Tales of metamorphosis are not only ancient, says Ali Shaw, but tap into the deepest recesses of human consciousness. Here he picks ten of his favourite transformations, from Ted Hughes’s Ovid to Roald Dahl’s Royal Jelly
‘My position is a very strange one’ … Frederic March as Dr Jekyll
Ali Shaw was born in 1982 and grew up in a small town in Dorset. Earlier this year he won the Desmond Elliott prize with his first novel, The Girl With Glass Feet, which he has described as “a love story about a woman who is turning into glass”. Here he chooses his top ten stories of transformation.
“Stories about people transforming, often agonisingly, from one shape to another are not just ancient, they’re primal. They occupied the earliest storytellers and continue to occupy us now. While they may be old, they’re by no means primitive. At their best, they’re an expression of a more invisible change: a person’s progression into someone better, or their degeneration into someone worse. Here are 10 of my favourites.”
1. The Violoncello by Dan Rhodes, from Don’t Tell Me the Truth About Love
This is a beautifully paced love story about a student in Vietnam who falls so madly in love with a young violoncellist that he submits himself to a process that will transform him from a human being to a violoncello. The moment when the musician and the newborn instrument are first brought together is masterfully sad and sensual.
2. Tales from Ovid by Ted Hughes
Ovid’s Metamorphoses is one long catalogue of transformations, and Hughes’s retelling pulls no punches, restoring in verb-rich poetry all of the sex and violence inherent in the stories. There’s a shapeshift or mutation on nearly every page, but a favourite of mine is Echo and Narcissus, who turn into the disembodied voice and woodland flower they lend their names to.
3. The Wild Swans by Hans Christian Andersen, from Fairy Tales
This is vintage Andersen, swinging back and forth from optimism to pessimism, light to dark. It concerns the trials of a young girl attempting to reverse the transformation of her brothers into beautiful swans. She’s very nearly successful, but can’t quite dispel the magic in time, leaving her youngest brother forever trapped with a white wing instead of an arm.
4. The Curious Case of Benjamin Button by F Scott Fitzgerald
Populised by the recent film, but very different indeed, Fitzgerald’s original story is funny and economical. It reminds me of that old riddle that asks what goes on four legs in the morning, two legs in the afternoon and three legs in the evening, because it makes infancy and old age look like similar things.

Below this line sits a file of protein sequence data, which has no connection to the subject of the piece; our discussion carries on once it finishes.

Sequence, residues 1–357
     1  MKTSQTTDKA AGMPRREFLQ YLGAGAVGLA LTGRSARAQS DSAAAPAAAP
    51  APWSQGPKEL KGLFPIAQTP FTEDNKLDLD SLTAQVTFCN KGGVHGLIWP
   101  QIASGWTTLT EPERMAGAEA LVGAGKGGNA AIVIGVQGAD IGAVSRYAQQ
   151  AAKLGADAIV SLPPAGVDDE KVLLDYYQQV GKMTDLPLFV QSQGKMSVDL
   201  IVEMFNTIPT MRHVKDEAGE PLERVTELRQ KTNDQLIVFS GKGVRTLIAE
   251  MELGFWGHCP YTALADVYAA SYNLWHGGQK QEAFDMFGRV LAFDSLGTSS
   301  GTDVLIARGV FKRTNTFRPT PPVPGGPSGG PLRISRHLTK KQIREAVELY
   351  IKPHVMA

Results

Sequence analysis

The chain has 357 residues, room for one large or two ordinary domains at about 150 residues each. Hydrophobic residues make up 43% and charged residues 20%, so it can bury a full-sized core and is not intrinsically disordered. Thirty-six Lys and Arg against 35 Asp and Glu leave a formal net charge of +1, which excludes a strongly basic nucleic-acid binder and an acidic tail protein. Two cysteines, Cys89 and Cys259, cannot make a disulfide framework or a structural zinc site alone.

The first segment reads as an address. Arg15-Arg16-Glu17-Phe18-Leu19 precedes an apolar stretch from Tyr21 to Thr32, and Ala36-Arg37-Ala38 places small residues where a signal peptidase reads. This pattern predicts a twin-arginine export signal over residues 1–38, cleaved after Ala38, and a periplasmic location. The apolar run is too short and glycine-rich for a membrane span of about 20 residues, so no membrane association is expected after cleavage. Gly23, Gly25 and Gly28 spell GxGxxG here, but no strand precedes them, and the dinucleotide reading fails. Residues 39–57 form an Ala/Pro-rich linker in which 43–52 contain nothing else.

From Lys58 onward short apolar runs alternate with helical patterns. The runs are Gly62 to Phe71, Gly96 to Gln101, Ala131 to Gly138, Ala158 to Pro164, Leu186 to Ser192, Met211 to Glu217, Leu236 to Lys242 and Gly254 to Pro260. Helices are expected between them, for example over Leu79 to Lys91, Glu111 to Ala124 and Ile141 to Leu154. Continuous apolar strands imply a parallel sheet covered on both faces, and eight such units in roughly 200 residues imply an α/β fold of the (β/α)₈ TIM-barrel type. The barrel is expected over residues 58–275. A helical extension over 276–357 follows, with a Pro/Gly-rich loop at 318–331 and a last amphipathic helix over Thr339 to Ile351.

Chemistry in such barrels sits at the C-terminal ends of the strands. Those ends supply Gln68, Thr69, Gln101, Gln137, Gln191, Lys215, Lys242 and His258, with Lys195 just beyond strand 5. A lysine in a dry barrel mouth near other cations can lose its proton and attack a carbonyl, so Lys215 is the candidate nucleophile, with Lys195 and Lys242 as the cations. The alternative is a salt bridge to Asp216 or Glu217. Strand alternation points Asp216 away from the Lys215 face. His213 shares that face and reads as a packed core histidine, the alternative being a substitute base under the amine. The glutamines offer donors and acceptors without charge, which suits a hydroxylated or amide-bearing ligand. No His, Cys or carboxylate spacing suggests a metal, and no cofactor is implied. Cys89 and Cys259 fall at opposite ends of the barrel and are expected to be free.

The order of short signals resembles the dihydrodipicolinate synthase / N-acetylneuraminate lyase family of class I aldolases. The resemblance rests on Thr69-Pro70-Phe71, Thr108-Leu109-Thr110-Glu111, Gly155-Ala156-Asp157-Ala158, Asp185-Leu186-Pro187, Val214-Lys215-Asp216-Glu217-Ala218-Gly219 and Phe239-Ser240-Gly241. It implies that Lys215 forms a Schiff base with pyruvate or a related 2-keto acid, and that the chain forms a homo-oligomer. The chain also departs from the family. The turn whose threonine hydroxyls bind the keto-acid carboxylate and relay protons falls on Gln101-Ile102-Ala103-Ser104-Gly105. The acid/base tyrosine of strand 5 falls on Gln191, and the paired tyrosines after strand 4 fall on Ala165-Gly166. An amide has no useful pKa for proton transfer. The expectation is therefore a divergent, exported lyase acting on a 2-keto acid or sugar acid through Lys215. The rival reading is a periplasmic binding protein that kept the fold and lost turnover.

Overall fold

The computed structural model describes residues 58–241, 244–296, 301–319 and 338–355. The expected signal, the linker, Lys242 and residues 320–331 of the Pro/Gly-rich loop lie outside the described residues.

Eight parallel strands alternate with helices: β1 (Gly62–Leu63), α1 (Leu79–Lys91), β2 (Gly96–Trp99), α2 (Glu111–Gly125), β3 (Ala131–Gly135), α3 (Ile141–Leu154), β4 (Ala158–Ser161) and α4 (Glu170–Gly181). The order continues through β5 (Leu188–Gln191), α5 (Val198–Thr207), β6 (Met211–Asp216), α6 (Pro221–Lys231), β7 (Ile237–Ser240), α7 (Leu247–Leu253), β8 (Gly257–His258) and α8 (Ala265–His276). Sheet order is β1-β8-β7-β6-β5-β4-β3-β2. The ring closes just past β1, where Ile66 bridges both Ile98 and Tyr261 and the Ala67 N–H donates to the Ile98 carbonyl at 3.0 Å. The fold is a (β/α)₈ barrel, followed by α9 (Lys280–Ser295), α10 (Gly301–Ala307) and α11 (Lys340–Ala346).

5. The Strange Case of Dr Jekyll and Mr Hyde by Robert Louis Stevenson
The classic story of a man continuously transforming between good and evil incarnations of himself. It finds time to consider the psychological burden of Jekyll’s condition without slowing down the rip-roaring adventure story at the heart of the book.
6. The Cloven Viscount by Italo Calvino, from Our Ancestors
A dual-nature story following in the tradition of Stevenson. Viscount Medardo is blasted in half on a battlefield, after which the two parts of his body are nursed separately back to life. They both recover and later re-encounter each other, whereupon they learn that they have been transformed from a single Medardo with a conflicting nature into two Medardos, one kind and one spiteful. Can they get along?
7. Metamorphosis by Franz Kafka
The daddy of all transformation stories, and for good reason. The opening sentence is dynamite, and Gregor Samsa’s matter-of-fact handling of his overnight transformation from man to giant insect is as horrifying as the metamorphosis itself. Add to this mix Kafka’s meticulous, paranoid prose and you get one of the greatest bits of writing ever committed to paper.
8. Royal Jelly by Roald Dahl, from Tales of the Unexpected
Roald Dahl was, above all else, a horror writer. In his short stories for adults he throws off the shackles of whatever nominal restraint he was maintaining in his children’s work and really let’s rip. This one is about a man who feeds and then overdoses his new-born baby on a jelly secretion harvested from bees. Almost immediately, the infant begins to transform. You are what you eat, as they say … It will get you looking up the real royal jelly before the end.
9. Hans-My-Hedgehog by the Brothers Grimm, from The Complete Fairy Tales
This fairy story is quite a disturbing affair. Hans is a boy born part-hedgehog, part-man, and grows up into a king of pigs who rides a rooster through the woods, followed by an army of swine. He is a wild beast and not a hero, but, thanks to a flourish of magic at the end of the story, his spiny hide is incinerated and he turns into a man. There are countless other such transformations in fairy tales, but the imagery in this one is distinctive enough to stick.
10. The Tiger’s Bride by Angela Carter, from The Bloody Chamber
Angela Carter ripped away all of the patriarchal rubbish that had saddled fairy tales for centuries and in doing so tapped in to something more raw, more in touch with their dreamy vitality. The Tiger’s Bride could be read as a metaphor for doing just that, but it has much more to offer besides. It’s my favourite from The Bloody Chamber, not just because of the exquisite writing but because of the transformation in which it culminates. As the human narrator changes into a tiger, so too the tiger turns away from his imitation of man. Every sentence oozes atmosphere.
Full article and photo: http://www.guardian.co.uk/books/2010/jul/29/ali-shaw-top-10-transformation